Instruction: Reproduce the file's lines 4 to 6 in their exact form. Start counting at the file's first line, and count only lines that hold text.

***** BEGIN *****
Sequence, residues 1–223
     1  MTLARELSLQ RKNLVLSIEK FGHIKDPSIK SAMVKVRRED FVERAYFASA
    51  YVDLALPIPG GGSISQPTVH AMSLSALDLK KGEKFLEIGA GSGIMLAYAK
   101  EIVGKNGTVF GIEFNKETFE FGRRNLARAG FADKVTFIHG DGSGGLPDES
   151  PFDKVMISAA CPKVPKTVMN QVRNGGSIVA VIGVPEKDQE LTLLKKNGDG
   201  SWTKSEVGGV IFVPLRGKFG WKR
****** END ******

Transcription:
   101  EIVGKNGTVF GIEFNKETFE FGRRNLARAG FADKVTFIHG DGSGGLPDES
   151  PFDKVMISAA CPKVPKTVMN QVRNGGSIVA VIGVPEKDQE LTLLKKNGDG
   201  SWTKSEVGGV IFVPLRGKFG WKR